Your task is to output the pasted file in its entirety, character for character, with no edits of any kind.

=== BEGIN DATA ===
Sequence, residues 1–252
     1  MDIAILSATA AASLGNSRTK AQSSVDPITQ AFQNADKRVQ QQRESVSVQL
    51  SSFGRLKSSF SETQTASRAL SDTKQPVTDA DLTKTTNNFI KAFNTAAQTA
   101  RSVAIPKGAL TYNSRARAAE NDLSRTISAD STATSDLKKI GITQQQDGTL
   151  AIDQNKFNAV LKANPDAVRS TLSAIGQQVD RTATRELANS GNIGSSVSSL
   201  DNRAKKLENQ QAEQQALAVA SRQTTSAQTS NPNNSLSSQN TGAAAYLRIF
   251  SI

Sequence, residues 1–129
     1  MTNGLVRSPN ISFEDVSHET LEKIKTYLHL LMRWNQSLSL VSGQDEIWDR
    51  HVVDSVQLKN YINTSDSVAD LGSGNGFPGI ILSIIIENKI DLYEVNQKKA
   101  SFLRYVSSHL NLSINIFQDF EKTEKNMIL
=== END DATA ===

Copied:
Sequence, residues 1–252
     1  MDIAILSATA AASLGNSRTK AQSSVDPITQ AFQNADKRVQ QQRESVSVQL
    51  SSFGRLKSSF SETQTASRAL SDTKQPVTDA DLTKTTNNFI KAFNTAAQTA
   101  RSVAIPKGAL TYNSRARAAE NDLSRTISAD STATSDLKKI GITQQQDGTL
   151  AIDQNKFNAV LKANPDAVRS TLSAIGQQVD RTATRELANS GNIGSSVSSL
   201  DNRAKKLENQ QAEQQALAVA SRQTTSAQTS NPNNSLSSQN TGAAAYLRIF
   251  SI

Sequence, residues 1–129
     1  MTNGLVRSPN ISFEDVSHET LEKIKTYLHL LMRWNQSLSL VSGQDEIWDR
    51  HVVDSVQLKN YINTSDSVAD LGSGNGFPGI ILSIIIENKI DLYEVNQKKA
   101  SFLRYVSSHL NLSINIFQDF EKTEKNMIL